HIPAA Insecurity

If Chris DeVoney hustles, he can stay one step ahead of the hackers he fears are going to steal patient records. But he doesn’t dare rest. He is the computing director at the clinical research center of the University of Washington Medical Center. In the past year, he has patched and installed software firewalls on 50 to 100 disparate medical devices—everything from computers to printers to FDA-approved devices that require bridging firewalls because no software can be loaded onto them.

Last month, he cleaned up after an attack by the Witty worm, which rewrote hard drives on 80 or so computers. The week before that, a notebook computer was hacked as it tracked data emanating from sensors attached to a subject who was sleeping as part of a research project. The campus had to “cut the hacker out” by turning off Internet access to the notebook so the study could be finished, says DeVoney.

The research center depends on the university’s technology infrastructure, and government budget cycles make it hard for the university to buy what it needs when it’s needed. Right now, for example, DeVoney has no perimeter firewall. Nevertheless, in April 2005, the Medical Center and thousands of other healthcare organizations will have to comply with regulations to protect the electronic security of patients’ records—records that keep track of their physical or mental conditions, their treatments and their healthcare insurance and payments. Violations can incur civil penalties of up to $25,000 per infraction per year, and criminal penalties of up to $250,000 in fines and 10 years in prison. (Very small organizations have an extra year to comply).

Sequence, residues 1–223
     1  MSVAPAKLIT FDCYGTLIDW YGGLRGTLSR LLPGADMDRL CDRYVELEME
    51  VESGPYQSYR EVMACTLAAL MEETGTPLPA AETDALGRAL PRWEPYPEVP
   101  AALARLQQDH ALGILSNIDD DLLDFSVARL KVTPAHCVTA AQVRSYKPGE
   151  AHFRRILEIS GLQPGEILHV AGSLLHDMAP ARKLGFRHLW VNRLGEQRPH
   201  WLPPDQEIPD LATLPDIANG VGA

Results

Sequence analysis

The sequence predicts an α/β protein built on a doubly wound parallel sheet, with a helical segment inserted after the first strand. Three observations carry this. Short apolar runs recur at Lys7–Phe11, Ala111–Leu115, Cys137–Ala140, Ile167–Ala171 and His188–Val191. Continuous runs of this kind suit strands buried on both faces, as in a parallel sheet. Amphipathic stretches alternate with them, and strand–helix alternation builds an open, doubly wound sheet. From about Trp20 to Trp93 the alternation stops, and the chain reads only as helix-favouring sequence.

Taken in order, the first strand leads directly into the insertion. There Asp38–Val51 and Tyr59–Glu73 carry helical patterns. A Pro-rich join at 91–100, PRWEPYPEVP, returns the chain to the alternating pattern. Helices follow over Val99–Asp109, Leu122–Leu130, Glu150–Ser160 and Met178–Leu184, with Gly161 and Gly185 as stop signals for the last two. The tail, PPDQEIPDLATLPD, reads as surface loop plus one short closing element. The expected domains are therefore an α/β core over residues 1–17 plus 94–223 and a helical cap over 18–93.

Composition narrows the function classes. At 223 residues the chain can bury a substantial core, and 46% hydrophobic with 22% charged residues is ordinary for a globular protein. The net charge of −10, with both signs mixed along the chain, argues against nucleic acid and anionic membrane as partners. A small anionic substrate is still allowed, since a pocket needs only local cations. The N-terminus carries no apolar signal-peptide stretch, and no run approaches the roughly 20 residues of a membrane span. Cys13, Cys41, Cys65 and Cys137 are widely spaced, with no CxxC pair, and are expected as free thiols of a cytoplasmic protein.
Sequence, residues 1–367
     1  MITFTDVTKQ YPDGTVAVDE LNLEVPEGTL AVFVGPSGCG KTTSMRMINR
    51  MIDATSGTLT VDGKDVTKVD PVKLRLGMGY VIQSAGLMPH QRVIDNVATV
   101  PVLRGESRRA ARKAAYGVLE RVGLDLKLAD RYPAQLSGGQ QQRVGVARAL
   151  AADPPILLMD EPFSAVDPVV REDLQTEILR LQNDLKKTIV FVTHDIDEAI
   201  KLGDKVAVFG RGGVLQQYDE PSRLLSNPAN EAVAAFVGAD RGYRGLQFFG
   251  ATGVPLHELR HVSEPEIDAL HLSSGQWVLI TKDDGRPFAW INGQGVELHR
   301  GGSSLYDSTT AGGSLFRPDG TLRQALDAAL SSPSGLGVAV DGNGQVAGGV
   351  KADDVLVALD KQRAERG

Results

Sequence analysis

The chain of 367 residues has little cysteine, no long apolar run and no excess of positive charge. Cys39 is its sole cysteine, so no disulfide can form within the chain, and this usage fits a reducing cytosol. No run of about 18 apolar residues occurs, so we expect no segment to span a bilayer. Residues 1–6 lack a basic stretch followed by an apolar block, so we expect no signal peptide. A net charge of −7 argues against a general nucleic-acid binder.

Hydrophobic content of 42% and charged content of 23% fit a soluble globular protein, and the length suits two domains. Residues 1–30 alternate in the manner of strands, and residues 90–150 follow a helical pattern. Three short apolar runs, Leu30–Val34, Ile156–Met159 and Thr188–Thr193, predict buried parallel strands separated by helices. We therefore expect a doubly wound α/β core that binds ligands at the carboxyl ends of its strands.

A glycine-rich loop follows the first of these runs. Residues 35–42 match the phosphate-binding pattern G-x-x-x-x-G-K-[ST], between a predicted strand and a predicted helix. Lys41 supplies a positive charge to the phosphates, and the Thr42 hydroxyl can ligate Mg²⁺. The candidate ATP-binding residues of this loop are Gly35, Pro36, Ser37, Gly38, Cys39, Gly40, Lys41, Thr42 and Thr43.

The regulations cover security in 18 areas, divided among three broad categories: administrative policies, such as who can update records; physical safeguards, such as access controls; and technical systems, such as firewalls, used to protect patient records. Organizations must specify who has access to what information, how computers are safeguarded, and how security breaches are handled.

Institutions, for instance, will have to track every time a patient record is transferred electronically, by any means—or medium. In other words, a hospital will have to document not only when information is transferred from one department’s electronic files to another’s, online, but also when and how the data is moved on foot, using a magnetic tape, disk or other physical medium. In addition, the hospital will have to specify what kind of card readers or other devices are installed, to make sure only authorized workers can get to workstations or servers. They must even specify how devices or disks are checked out from work areas.

The regulations are part of HIPAA—the Health Insurance Portability and Accountability Act passed in 1996—and are just the latest in a series of rules the law will generate for years to come. But the cost of complying—ranging from $20,000 to $1 million for security alone, according to Jon Bogen, founder of West Chester, Pa.-based HealthCIO—is being borne by the organizations themselves.